Are you on Goodreads? Today I got myself organised and finished setting up my author page there. There are a number of reviews of my books, and as I get into writing my own reviews they'll be posted as well.
This weekend sees the last workshop of my 2011 Year of the Edit class. It's been a fantastic five months for me - I hope the group feels the same way! Funny how teaching always gives you insight into your own work too. It starts all over again in January with a brand-new group, and if you live in or near Brisbane and have a novel manuscript you're not sure how to edit, why don't you come and join us? Check out the Learn with Katherine page for more info.
Time to wrap all this up. This is probably my final post for 2011, so I want to wish you all a very happy Christmas, a fun-filled new year's, and a wonderful 2012.
my apologies for not having posted for so long. The closer we come to the end of the year, the faster time flies! But apart from that I've been flat-out writing a journal article for uni, working on book 6, and also reading the final pages of Silent Fear. That's the last step in what can be a six to twelve month-long process of editing - this year it took ten months. It sounds like a long time but it's not when you (a) consider that this book is just one of possibly hundreds that the publisher and editor work on during that time and (b) break the steps of that process down.
First the editor and publisher read the manuscript I send in, talk it over and write their structural edit report. This focuses on (obviously) the structural problems: whether the clues add up, whether there are timing issues in the plotline, whether there are gaping holes in the story, whether the characters and plot are believable - all those big picture-type things. That takes around four to six weeks, and I get about the same to go over the report and digest the ideas and suggestions, then work over the manuscript, fixing the issues one by one. It can be a big and daunting job, so it's very satisfying to be able to cross each point off the report as I go. Then I send it back in again, the publisher and editor read it once more, and assuming those big problems are fixed they begin their line edit. This looks more closely at the actual writing, hunting down clunky phrasing and awkward sentences, and tightening wherever possible. A third person comes in to help here, a freelance copy-editor, and I'm fortunate to have worked with the same one for a number of books (hi Nicola!). Then the marked-up manuscript comes back to me again, maybe a couple of months later. This year we used track changes and emailed the 460 page document back and forth, which was a little different, as with each previous book it's been done on paper. Apart from the obvious benefit of saving trees, and not having to worry about losing the one and only copy with all our comments on it in the post, I don't know that one way is better than the other: I think whichever method you use, you soon get used to it.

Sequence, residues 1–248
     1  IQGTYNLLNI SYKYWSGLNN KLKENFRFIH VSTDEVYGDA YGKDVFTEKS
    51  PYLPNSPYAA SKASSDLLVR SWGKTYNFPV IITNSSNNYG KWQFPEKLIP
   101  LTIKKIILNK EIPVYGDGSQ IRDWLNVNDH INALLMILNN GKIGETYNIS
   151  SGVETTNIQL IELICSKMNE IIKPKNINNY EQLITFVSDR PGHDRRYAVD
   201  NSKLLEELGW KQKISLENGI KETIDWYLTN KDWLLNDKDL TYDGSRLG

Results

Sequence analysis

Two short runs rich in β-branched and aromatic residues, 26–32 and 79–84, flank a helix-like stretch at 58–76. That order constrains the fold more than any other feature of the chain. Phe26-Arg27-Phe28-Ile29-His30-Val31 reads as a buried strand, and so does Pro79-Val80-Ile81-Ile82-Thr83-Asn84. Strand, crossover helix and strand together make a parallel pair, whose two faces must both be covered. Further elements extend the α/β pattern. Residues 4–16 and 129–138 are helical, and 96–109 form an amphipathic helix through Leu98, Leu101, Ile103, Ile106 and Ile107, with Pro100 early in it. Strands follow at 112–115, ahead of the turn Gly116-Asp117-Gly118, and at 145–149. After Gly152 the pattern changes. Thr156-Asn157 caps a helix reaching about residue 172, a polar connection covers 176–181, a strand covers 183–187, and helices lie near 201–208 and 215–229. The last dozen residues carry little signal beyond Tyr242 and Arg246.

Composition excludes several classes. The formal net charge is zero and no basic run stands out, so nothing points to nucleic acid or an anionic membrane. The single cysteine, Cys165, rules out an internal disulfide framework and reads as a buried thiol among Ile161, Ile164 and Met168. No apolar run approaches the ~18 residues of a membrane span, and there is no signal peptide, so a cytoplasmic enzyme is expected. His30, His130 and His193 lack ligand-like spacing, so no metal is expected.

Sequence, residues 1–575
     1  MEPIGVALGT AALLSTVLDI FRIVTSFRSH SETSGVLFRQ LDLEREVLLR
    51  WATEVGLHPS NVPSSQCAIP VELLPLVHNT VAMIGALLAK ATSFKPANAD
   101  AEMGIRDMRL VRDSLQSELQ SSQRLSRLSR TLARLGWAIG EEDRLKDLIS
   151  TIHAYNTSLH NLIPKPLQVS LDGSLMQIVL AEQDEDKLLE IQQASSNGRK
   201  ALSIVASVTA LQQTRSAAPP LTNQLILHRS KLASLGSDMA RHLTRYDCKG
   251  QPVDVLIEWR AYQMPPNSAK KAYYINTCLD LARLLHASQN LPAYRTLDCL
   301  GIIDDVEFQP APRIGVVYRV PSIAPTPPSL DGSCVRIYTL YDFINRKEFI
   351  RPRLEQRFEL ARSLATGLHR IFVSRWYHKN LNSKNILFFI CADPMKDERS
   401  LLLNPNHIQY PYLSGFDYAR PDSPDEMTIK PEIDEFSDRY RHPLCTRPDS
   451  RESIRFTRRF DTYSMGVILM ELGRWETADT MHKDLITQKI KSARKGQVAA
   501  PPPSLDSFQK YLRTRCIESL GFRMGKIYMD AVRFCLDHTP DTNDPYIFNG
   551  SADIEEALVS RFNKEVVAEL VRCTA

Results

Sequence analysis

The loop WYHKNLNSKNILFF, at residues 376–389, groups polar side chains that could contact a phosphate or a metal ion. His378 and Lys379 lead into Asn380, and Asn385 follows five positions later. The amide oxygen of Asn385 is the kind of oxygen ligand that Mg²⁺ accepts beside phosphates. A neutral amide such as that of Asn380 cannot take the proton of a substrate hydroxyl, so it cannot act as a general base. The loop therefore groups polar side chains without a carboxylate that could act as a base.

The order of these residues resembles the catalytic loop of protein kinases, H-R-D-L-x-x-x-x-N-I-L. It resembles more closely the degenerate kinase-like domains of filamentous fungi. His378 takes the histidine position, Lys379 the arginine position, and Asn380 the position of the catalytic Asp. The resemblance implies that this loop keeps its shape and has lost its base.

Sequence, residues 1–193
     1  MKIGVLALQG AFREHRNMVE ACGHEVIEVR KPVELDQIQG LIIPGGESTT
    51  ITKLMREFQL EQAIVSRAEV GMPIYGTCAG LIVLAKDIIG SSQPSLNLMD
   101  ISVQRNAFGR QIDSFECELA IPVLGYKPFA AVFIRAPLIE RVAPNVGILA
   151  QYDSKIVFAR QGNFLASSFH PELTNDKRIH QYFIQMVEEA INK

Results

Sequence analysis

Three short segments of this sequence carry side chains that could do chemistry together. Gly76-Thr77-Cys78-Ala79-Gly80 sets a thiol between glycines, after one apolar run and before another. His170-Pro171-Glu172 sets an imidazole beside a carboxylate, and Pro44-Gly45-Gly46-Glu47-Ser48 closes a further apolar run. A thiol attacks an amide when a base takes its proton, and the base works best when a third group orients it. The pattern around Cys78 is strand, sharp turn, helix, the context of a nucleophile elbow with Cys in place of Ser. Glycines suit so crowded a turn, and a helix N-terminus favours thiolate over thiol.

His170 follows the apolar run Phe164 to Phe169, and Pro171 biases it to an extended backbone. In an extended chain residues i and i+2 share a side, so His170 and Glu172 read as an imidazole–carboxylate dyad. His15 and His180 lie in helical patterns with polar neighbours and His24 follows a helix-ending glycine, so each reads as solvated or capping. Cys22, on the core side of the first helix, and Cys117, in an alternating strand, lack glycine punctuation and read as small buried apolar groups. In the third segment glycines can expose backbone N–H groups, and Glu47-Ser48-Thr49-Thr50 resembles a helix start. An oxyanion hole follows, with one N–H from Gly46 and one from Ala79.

So I go over this next lot of comments and agree or disagree and make my own changes too. By this point the manuscript is so familiar to me I'm sure it's deadly dull and boring, but I know I go through that stage with every book and I just have to keep working. Then back it goes to the publisher again, the changes are made to the text, then it's typeset onto A4 pages. Now we can see what the pages will look like in the book! These are called final pages, and we all read them again, looking now for things that slipped past everyone's eyes: typos, lay-out issues, and so on. From this point it starts to get expensive to change too much, so unless there are major issues (which there shouldn't be, considering all the work everyone's put in) the changes are limited to tweaks and fixing mistakes. Once these little things are done, the manuscript goes to the printer, and that's where Silent Fear went yesterday.
You can see where that time goes - a couple of months here, a couple of months there. But now it's just over two months until the book is on the shelves, and I can tell you that's always a highly anticipated moment for any author! There are plans for a bit of a tour along the East Coast, and when I have details of events I'll be sure to post them here.
But of course between then and now stands book 6! It's coming along really well, and I'm looking forward to the day when I sent it in to my publisher, and the whole process begins once more.
ps - Speaking of editing, I'm teaching Year of the Edit again next year at the QLD Writers Centre. If you're interested, hop on over to my 'Learn with Katherine' page and find out more.
The latest in Katherine's news, plus what she's been reading.